With the rapid expansion of transnational corporations (TNCs) there have been some problems faced by TNCs as well as host countries. It is widely felt that there must be a code of conduct to guide and regulate TNCs. According to the Brandt Commission, the principal elements of an international regime for investment should include:
A framework to allow developing countries as well as transnational corporations to benefit from direct investments on terms contractually agreed upon. Home countries should not restrict investment or the transfer of technology abroad, and should desist from other restrictive practices such as export controls or market, not restrict current transfers such as profits, royalties and dividends, or the repatriation of capital, so long as they are on terms which were agreed when the investment was originally approved or subsequently negotiated.
Legislation promoted and coordinated in home and host countries, to regulate the activities of transnational corporations in such matters as ethical behaviour, disclosure of information, restrictive business practices, cartels, anti-competitive practices and labor standards. International codes and guidelines are a useful step in that direction.
Cooperation by Governments in their tax policies to monitor transfer pricing and to eliminate the resort to tax havens.
Fiscal and other incentives and policies towards foreign investment to be harmonized among host developing countries, particularly at regional and sub-regional levels, to avoid the undermining of the tax base and competitive positions of host countries.
An international procedure for discussions and consultations on measures affecting direct investment and the activities of transnational corporations. The Code of Conduct for TNCs, drawn by the Commission on Transnational Corporations, setup by the UN’s Economic and Social Council, required TNCs, inter alia, to
- Respect the national sovereignty of host countries and observe their domestic laws, regulations and administrative practices.
- Adhere to host nations economic goals, development objectives and socio-cultural values.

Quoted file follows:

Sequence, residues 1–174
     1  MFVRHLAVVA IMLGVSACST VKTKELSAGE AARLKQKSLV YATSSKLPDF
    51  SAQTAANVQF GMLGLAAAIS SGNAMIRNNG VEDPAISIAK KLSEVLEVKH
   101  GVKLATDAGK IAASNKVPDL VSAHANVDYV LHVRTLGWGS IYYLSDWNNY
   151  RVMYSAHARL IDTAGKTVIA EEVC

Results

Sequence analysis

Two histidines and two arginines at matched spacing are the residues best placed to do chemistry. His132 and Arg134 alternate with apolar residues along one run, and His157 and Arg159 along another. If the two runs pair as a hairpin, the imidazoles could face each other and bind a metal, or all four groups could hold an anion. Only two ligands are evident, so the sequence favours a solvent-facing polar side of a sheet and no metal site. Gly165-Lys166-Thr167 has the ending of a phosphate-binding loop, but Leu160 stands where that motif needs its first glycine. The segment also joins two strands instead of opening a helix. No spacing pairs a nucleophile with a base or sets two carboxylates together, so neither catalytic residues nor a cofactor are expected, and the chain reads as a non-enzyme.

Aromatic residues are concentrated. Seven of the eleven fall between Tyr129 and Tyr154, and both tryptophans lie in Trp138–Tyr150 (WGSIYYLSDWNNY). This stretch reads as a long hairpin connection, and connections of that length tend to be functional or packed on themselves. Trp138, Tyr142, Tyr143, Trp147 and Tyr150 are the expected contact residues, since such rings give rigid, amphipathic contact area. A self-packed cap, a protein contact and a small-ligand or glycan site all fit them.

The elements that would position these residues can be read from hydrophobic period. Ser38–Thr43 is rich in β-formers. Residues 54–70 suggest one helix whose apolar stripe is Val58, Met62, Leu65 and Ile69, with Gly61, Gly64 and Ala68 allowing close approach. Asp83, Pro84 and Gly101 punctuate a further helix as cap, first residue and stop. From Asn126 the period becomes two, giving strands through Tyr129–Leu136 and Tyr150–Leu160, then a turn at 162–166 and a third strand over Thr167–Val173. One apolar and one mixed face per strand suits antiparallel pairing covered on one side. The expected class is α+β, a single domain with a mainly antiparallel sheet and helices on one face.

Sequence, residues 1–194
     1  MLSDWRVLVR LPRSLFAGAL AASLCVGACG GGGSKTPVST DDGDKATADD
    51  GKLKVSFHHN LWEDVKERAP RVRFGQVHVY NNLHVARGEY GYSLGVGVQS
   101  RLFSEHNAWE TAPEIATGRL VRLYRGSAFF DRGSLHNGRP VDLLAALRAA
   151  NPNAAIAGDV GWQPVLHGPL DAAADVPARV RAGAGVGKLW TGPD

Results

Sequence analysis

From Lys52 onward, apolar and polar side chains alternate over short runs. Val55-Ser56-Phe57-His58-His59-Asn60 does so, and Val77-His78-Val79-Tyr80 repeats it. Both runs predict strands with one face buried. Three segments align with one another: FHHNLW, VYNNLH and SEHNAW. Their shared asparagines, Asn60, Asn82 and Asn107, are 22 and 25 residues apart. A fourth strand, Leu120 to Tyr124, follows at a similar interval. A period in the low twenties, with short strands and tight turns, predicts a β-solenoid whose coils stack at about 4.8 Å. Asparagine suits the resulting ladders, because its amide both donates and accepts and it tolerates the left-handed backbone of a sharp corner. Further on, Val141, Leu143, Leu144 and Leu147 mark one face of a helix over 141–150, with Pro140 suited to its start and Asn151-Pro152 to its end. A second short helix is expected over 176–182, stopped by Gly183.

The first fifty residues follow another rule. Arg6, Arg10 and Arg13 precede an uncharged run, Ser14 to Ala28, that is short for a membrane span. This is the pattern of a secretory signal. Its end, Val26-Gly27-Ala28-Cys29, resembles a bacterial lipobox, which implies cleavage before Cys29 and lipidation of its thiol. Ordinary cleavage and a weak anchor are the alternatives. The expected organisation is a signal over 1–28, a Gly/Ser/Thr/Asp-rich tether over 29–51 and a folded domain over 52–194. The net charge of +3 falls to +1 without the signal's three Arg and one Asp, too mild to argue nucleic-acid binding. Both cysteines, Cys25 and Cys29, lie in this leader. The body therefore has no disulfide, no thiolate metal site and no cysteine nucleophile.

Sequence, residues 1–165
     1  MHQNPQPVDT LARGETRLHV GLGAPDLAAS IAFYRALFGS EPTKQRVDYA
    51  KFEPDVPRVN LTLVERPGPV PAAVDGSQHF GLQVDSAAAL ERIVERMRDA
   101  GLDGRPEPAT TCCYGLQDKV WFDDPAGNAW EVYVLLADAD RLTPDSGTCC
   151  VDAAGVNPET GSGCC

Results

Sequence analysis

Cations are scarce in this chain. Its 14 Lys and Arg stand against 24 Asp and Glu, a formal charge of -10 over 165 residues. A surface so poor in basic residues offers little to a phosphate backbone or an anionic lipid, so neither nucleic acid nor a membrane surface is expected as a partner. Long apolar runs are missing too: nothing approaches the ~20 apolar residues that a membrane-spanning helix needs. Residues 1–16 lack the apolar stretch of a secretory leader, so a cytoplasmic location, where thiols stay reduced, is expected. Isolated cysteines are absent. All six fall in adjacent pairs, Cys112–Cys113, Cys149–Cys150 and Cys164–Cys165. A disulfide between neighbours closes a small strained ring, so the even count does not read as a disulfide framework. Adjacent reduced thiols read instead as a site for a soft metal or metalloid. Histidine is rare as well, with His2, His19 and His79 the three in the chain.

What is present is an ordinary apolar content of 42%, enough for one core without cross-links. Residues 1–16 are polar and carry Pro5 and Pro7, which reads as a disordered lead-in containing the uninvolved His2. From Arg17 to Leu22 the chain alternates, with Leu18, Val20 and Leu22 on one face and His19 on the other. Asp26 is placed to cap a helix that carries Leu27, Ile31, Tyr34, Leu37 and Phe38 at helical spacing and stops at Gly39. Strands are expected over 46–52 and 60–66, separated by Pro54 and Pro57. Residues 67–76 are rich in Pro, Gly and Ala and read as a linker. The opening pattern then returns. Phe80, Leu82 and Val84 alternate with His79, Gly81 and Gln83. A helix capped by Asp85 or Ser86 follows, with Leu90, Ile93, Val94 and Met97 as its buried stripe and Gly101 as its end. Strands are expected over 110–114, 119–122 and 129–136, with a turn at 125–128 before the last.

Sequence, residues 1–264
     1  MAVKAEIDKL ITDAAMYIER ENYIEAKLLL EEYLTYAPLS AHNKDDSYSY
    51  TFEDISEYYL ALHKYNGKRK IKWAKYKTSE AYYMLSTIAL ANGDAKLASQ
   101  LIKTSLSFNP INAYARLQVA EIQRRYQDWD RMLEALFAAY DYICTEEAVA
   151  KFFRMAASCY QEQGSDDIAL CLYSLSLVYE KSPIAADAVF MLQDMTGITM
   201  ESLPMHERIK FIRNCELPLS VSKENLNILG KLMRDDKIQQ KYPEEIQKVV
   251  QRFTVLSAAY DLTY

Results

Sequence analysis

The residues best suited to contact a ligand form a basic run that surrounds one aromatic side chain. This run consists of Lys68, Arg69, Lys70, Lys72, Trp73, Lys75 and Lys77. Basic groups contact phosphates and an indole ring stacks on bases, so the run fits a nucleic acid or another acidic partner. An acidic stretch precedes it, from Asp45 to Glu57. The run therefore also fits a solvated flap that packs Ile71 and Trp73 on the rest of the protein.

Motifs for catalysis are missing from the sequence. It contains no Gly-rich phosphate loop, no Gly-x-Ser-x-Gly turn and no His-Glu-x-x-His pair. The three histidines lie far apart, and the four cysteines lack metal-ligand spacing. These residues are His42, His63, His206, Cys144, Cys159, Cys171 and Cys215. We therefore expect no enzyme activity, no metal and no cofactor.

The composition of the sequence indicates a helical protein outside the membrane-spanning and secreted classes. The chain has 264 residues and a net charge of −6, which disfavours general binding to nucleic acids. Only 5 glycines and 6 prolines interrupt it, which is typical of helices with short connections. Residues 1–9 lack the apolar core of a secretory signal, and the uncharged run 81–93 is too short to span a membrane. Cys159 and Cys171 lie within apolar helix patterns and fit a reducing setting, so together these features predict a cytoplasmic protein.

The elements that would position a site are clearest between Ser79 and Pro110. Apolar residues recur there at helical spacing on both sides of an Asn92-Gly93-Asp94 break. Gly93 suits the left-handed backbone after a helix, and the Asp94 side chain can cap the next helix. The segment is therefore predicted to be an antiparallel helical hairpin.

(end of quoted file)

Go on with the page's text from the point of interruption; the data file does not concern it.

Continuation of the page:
- Respect human rights.
- Not interface in internal political affairs or in intergovernmental relations.
- Not engage in corrupt practices.
- Apply good practice in relation to payment of taxes, abstention from involvement in anti-competitive practices, consumer and environmental protection and the treatment of employees.
- Disclose relevant information to host country governments.
According to the 1976 declaration of the OECD Code of Practice on TNC operations, TNCs should contribute positively to economic and social progress within host nations. Its main provisions were that TNCs should
- Contribute to host countries science and technology objectives by permitting the rapid diffusion of technologies.
- Not behave in manners likely to restrict competition by abusing dominant positions or market power.
- Provide full information for tax purposes.
- Consult with employee representatives regarding major changes in operations, avoid unfair discrimination in employment and provide reasonable working conditions.
- Consider the host country’s balance of payments objectives when taking decisions.
- Regularly make significant information on financial and operational matters, host countries themselves should posses the absolute right to nationalize foreign owned assets within their frontiers, but must pay proper compensation.
However, the demand made by developing countries that code become legally binding were rejected by the UN General Assembly at the behest of economically advanced countries.